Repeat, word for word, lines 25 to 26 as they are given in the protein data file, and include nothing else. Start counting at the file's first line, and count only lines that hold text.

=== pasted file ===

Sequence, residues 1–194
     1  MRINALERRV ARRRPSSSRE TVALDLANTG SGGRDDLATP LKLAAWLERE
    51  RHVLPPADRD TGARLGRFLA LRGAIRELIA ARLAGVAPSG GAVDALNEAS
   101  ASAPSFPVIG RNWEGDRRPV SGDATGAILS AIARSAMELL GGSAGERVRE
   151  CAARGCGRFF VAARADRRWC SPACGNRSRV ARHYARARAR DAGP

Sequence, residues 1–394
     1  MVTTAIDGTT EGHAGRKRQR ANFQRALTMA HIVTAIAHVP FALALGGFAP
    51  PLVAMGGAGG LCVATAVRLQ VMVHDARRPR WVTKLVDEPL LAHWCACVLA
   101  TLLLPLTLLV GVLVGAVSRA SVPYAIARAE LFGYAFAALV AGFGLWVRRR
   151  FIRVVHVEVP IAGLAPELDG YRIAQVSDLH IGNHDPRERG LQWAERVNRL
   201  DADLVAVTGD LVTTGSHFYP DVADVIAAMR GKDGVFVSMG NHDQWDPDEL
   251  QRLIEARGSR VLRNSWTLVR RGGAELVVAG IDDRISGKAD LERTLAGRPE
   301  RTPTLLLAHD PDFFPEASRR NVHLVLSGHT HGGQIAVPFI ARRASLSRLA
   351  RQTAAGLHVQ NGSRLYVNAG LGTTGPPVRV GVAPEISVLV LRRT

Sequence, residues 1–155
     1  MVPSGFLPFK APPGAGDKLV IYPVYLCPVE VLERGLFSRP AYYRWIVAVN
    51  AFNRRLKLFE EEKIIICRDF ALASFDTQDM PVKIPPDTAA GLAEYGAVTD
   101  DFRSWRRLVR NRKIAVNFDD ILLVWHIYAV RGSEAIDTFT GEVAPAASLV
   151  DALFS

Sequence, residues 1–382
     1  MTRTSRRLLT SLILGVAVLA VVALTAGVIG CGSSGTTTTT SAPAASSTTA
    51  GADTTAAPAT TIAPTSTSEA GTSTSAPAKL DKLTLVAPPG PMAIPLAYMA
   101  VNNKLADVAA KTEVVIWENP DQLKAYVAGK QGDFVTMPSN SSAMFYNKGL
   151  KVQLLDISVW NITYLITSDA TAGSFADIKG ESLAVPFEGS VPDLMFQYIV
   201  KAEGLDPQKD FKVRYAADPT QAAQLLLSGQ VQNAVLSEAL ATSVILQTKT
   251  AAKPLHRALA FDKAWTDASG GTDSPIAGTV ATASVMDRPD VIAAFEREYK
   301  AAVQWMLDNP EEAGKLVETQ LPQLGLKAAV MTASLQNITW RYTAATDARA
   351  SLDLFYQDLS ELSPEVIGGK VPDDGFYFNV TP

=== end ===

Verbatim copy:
   201  KAEGLDPQKD FKVRYAADPT QAAQLLLSGQ VQNAVLSEAL ATSVILQTKT
   251  AAKPLHRALA FDKAWTDASG GTDSPIAGTV ATASVMDRPD VIAAFEREYK